“I don’t think people realize the sheer magnitude of the threat our community faces [in this political climate],” David Miller, producer of documentary We Live Here: The Midwest, tells GO over Zoom. We’re discussing the steadfast alt-right influence and fascist uptick in U.S. politics, a calculated effort that has ushered ultra-conservative, Evangelical Mike Johnson into the House Speakership. Those same efforts have introduced 500+ anti-LGBTQ+ bills in 2023 alone. We laughed through our anger as we spoke about the GOP political sphere, but true elation came about when we discussed Miller and We Live Here: The Midwest’s director, Melinda Maeker’s, inspiration for their recent film.
“Our documentary was born out of the backlash LGBTQ+ families experienced following the 2016 election, despite the passage of gay marriage,” Maeker says. Being in the LGBTQ+ community themselves, both Maeker and Miller expressed that, while they recognized Obergefell as tremendous, they also knew our right to marry wasn’t going to eradicate discrimination or lead to holistic equity. Maeker offers, “If anything, the passage of gay marriage made our community real to those who didn’t necessarily support us. When it wasn’t legal, they could ignore it, but now that isn’t an option.”
We Live Here: The Midwest follows a gay couple with an infant daughter in Nebraska, a lesbian couple raising their son in Kansas, a transfemme couple in Minnesota, a gay teacher and his husband in Ohio, and highschool sweethearts in Iowa who have parented their children and strengthened their marriage after one of them came out as a trans woman. These families are the epitome of visibility in places where many of those in power wish Bush’s “Don’t Ask, Don’t Tell” was still around– and didn’t just apply to the military.
During production, Miller and Maeker found that, understandably, “many of the LGBTQ+ families were reluctant to be interviewed…fear[ing] recrimination from their jobs, schools, and neighbors.” The reluctance and refusal of some makes the active visibility of others that much more sacred and crucial.
What is so often lost in LGBTQ+ discourse are the perspectives of those in our community who live outside of big cities like New York and Los Angeles. There are rural queers, transmasc farmers, and bisexual, nonbinary parents whose postal addresses might leave some of us big city queers scratching our heads. We might wonder why LGBTQ+ folks who are able to move to blue states and cities choose not to. After all, the overwhelming majority of the over 500+ anti-LGBTQ+ laws that have been introduced in 2023 originated in red states. But in our collective, communal action toward a safer, more equitable world for LGBTQ+ people, many of us still fail to recognize the fullness and potential of a queer life in rural or Midwest America. That’s why seeing real-life married couples like Courtney and Denise, living with their son in Kansas, in We Live Here: The Midwest is crucial to understanding the full scope of the queer American experience in places beyond queer cities.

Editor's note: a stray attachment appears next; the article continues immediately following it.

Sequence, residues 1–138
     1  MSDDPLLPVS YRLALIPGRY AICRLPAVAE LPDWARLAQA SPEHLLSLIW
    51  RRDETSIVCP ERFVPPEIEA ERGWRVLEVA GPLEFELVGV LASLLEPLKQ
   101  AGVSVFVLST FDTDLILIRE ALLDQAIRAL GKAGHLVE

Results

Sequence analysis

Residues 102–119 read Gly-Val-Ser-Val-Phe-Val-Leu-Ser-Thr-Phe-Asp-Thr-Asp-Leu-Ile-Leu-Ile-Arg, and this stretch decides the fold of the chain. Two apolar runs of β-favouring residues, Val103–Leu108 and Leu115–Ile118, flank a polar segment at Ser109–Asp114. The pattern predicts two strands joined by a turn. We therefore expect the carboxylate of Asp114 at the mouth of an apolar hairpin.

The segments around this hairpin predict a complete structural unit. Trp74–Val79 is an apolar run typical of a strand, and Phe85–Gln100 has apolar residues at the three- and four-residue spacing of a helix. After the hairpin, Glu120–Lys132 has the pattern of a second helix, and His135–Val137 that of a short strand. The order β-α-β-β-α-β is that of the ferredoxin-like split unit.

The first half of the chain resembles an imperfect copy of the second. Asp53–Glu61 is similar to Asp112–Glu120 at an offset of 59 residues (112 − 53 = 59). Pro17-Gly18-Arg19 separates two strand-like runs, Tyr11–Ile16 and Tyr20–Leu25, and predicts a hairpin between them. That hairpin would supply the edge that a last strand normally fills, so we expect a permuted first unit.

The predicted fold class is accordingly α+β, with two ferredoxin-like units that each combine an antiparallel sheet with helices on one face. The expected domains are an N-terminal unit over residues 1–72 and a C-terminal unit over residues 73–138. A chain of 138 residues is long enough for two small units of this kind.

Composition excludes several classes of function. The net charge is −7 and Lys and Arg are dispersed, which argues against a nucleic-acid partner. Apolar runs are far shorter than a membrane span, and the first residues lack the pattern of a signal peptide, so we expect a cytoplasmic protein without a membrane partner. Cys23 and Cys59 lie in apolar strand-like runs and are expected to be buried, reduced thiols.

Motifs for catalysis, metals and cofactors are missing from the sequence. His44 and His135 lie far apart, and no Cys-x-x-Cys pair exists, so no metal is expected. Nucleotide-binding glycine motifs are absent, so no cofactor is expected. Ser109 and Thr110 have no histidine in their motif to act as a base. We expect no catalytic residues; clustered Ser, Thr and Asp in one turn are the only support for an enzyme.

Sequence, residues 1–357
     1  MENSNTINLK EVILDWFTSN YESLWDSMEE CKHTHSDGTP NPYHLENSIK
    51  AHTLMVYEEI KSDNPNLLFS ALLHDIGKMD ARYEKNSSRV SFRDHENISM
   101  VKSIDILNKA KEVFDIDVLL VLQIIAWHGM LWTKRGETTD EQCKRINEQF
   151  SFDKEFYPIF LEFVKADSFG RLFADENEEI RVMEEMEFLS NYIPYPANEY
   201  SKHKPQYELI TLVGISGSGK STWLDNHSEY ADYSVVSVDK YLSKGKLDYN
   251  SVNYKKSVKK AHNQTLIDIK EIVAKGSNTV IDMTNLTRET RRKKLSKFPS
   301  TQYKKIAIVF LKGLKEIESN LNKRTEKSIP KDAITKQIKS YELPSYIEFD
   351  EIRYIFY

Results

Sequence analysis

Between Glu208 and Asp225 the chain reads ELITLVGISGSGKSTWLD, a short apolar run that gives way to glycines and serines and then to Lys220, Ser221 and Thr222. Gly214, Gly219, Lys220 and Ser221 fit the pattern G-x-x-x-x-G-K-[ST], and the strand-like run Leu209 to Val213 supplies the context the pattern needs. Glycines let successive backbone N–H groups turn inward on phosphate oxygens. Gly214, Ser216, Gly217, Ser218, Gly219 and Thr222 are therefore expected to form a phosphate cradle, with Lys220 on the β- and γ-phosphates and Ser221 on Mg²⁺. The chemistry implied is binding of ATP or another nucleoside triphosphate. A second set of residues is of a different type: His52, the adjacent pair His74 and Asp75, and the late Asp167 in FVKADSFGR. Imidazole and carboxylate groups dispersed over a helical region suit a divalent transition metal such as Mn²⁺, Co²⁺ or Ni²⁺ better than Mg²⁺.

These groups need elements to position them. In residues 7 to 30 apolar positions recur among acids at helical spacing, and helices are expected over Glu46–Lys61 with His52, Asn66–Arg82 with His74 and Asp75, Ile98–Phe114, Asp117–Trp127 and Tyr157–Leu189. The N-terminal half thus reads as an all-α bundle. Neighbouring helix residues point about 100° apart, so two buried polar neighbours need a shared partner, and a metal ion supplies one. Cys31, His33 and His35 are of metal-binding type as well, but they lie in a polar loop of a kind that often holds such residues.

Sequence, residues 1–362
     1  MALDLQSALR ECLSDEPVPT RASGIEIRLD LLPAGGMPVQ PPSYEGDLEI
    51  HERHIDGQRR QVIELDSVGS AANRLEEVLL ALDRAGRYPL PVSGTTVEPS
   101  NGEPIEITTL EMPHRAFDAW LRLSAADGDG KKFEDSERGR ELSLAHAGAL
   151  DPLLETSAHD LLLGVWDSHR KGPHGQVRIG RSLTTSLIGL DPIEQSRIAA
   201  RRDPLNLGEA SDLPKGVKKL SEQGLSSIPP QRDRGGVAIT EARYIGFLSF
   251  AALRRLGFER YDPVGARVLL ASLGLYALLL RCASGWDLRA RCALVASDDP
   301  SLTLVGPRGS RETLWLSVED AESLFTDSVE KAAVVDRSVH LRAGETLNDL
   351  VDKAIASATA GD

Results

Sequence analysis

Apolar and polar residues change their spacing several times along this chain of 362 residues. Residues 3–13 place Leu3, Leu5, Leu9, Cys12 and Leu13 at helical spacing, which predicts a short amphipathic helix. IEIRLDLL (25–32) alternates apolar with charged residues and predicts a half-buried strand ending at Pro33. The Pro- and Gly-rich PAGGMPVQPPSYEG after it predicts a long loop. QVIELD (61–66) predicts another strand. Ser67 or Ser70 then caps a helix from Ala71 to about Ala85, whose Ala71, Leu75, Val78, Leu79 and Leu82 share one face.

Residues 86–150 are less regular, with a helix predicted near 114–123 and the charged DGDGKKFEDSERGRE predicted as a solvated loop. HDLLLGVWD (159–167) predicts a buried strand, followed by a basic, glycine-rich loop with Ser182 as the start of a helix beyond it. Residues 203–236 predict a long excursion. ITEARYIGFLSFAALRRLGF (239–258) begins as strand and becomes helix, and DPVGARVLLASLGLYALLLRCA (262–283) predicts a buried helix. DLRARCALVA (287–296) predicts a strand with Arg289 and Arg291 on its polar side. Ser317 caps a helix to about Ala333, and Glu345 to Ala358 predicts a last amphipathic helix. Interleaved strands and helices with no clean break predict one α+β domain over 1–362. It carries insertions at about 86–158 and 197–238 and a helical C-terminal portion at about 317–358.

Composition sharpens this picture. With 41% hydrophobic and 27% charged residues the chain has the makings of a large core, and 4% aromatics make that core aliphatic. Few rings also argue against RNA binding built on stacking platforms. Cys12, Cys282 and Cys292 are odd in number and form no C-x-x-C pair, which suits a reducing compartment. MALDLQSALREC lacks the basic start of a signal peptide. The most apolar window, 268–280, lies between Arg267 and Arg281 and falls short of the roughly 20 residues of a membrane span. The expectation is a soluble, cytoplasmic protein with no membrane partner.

“We do call them the flyover states,” David quips. But We Live Here: The Midwest intentionally touches down, so that LGBTQ+ people, allies, and even those who work to diminish our rights and lives are able to bear witness to the totality of queer and trans existence.
“We wanted to show these people living their real, everyday lives,” Miller says. “It was important to be able to show that these are people who are not much different from your own family.” The film also follows Monte and Mario, a Black gay married couple raising their infant daughter in Nebraska. Their neighbors, a white cis-heterosexual married couple, previously voted for Trump. On paper, the two couples sound like they might, at best, choose to only see each other through stolen glances through the blinds. On the contrary, they are close friends, expressing their deep love and admiration for each other on camera. This kind of platonic intimacy was both unexpected and exciting for Miller and Maeker. “I think people are often focused on their own needs when they’re voting,” Maeker says. “Sometimes, that means voting against other people.” But when you meet those “other people,” your perspective can shift. It’s their hope that the film gives credence to the power of changing one’s mind, to learning about, knowing, and even loving the people who are directly and negatively impacted by such votes.
Living in Los Angeles, Miller rarely gets a second glance when he’s walking down the street with his husband and their kids. And while Maeker has family in the Midwest, neither of the filmmakers knew about the everyday, nuanced experiences of LGBTQ+ Midwesterners previous to starting their recent project. Rightfully so, they assumed the vast majority of people might be in the same boat– with screens and souls impervious to the multifaceted realities of being a midwestern queer. Luckily, We Live Here: The Midwest unearths the stories of those who are often ignored, forgotten about, or flown right over.